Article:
Istanbul is exquisite, even in the rain. We really enjoyed the mosques’ minarets reaching into the sky all along the horizon, enthusiastic merchants and restaurant touts, and, well, just the mind bending magnitude of the city’s history. After trying to dig a metro rail tunnel under the mighty Bosphorus strait, historians now believe Istanbul may have been first settled some 8,000 years ago.


From a tourism perspective, this really is a city where you can easily fill your days with stuff you can’t see anywhere else. We’re staying in the traveler ghetto of Sultanahmet which, whilst undoubtedly very touristy, is smack in the middle of innumerable sites of enormous architectural and cultural significance.


What’s nice for the geo-nerd in me is that in a 30 minute / 1.5 Lira ferry trip you can leave Europe and be in Asia. Istanbul is the only city that straddles an ocean and two continents.


Istanbul’s status as a mega-city like São Paulo was of substantial interest to me. It’s orientation on major waterways and hilly terrain make the built out urban area seem to stretch into eternity. Being such an old city means that it’s predominantly low rise in the inner (and I use the term loosely) area. So the sprawl extends even further than I had imagined.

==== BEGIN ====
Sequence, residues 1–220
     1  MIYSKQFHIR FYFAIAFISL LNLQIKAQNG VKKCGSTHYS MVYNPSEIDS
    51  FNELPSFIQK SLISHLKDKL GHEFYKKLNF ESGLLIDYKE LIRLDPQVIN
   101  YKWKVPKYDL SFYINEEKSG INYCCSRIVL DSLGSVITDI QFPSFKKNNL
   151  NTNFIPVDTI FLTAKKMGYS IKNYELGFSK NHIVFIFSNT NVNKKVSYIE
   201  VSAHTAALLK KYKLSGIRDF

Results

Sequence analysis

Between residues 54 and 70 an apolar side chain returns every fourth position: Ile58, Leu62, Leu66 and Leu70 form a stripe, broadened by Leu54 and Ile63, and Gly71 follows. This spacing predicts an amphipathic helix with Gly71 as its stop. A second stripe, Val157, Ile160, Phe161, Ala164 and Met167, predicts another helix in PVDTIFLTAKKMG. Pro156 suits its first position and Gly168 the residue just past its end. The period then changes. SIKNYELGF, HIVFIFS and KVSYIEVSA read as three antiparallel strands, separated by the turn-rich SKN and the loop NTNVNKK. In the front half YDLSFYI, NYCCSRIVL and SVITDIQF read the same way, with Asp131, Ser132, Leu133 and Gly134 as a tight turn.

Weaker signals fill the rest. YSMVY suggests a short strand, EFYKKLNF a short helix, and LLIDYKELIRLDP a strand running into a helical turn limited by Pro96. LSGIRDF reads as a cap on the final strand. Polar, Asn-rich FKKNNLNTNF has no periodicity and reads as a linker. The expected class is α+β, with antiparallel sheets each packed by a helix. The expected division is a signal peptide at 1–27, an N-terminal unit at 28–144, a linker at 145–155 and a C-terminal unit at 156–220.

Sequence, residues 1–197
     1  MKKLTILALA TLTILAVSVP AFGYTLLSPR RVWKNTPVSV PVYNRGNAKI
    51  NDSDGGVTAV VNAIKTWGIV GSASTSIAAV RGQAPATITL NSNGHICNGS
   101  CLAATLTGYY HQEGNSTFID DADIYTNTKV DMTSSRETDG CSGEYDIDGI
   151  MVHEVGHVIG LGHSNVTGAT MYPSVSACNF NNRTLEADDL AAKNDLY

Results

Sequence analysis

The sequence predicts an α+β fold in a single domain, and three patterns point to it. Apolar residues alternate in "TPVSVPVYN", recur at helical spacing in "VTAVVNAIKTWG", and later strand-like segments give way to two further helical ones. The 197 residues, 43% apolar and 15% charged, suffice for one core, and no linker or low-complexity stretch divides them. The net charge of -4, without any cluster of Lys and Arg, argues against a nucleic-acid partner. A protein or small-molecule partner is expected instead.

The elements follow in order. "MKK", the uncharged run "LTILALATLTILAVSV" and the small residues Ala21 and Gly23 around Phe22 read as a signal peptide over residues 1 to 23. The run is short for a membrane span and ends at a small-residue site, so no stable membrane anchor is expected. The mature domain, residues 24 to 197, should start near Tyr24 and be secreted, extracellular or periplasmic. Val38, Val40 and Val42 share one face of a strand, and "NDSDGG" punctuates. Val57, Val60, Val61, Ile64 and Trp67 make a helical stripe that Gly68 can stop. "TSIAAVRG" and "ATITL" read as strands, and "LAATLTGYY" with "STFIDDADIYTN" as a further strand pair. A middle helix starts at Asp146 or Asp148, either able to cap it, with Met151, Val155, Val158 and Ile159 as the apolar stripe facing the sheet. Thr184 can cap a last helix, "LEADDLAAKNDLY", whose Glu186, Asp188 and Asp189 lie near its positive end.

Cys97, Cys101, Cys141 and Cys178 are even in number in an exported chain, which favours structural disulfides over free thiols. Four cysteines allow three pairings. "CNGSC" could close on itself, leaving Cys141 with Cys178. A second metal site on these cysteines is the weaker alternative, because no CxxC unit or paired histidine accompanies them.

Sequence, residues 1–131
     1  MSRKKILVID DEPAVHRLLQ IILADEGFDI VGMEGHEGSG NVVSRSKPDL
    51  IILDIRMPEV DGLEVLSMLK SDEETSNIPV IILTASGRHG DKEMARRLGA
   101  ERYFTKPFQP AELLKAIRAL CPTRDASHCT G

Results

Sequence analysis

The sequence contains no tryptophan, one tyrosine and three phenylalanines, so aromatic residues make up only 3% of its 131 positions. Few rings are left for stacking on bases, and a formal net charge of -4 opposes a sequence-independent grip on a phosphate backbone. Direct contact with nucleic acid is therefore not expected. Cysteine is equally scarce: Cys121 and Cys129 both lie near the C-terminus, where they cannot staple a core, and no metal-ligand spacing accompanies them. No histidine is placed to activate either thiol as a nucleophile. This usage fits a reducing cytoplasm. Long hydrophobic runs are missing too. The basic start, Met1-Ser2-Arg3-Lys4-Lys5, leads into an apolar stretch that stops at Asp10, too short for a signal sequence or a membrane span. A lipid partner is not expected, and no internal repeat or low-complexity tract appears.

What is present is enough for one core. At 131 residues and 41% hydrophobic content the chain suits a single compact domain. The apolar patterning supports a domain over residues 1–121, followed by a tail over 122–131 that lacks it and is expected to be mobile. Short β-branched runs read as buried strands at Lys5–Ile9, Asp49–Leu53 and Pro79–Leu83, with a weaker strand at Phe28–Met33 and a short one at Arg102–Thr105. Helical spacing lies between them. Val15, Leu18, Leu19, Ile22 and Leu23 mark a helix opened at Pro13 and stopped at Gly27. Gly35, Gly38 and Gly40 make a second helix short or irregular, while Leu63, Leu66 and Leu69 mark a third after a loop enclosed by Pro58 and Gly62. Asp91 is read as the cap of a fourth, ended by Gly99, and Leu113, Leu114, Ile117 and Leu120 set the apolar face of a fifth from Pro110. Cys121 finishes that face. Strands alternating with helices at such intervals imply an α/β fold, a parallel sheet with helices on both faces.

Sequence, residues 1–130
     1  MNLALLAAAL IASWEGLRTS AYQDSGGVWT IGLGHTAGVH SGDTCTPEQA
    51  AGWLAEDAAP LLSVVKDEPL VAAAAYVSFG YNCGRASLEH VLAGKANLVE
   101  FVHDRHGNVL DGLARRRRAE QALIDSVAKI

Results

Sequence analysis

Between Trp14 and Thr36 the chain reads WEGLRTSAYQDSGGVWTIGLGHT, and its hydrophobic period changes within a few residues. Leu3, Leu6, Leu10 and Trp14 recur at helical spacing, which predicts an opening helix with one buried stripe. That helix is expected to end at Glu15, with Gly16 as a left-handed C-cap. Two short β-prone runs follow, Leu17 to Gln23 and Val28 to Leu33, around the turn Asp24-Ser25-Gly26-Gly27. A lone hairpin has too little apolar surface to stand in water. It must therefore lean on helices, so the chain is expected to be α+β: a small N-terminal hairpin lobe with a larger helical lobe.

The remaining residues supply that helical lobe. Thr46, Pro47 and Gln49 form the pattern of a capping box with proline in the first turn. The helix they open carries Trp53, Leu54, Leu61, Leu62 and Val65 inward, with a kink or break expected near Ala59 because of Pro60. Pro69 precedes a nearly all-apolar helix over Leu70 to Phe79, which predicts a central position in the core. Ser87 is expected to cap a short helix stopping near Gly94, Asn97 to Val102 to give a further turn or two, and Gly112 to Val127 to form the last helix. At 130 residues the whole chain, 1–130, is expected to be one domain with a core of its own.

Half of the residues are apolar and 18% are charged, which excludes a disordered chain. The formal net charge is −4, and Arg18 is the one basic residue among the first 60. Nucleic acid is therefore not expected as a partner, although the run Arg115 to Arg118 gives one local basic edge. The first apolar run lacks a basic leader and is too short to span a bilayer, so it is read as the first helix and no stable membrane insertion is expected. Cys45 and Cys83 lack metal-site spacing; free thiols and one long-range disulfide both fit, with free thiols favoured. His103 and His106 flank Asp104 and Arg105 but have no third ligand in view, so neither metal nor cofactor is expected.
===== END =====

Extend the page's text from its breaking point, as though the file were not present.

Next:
We maintained our enjoyable habit of catching up with friends in exotic places, this time having the pleasure of Georgina and Glen’s company who were just embarking on a Turkey tour.


They agreed that the laneways in the bustling Beyoğlu area make something of a mockery of Melbourne’s self appointed status as the place to go for vibrant laneways. The number and extent of the drinking and eating options (and for that matter every other service) in the laneways were a revelation. Even more so as this was our first escape from the disney-esque tourist district of Sultanahmet (complete with magic carpet photo opportunities).


Turkey also happens to be our final stop on the European continent. The European segment was never intended to be a lengthy one, and with the continual rain we’ve been hit with recently I’m glad we’re moving on.


Mediterranean Turkey

November 16th, 2009


We left the Greek islands and arrived in Bodrum, Turkey after short ferry ride. It’s a nice Mediterranean coastal town, albeit heavily trafficked by day trippers resulting in most of the nicest waterfront eateries serving full English breakfasts complete with “M&S Pork Sausage”. The prices and the views were right, though.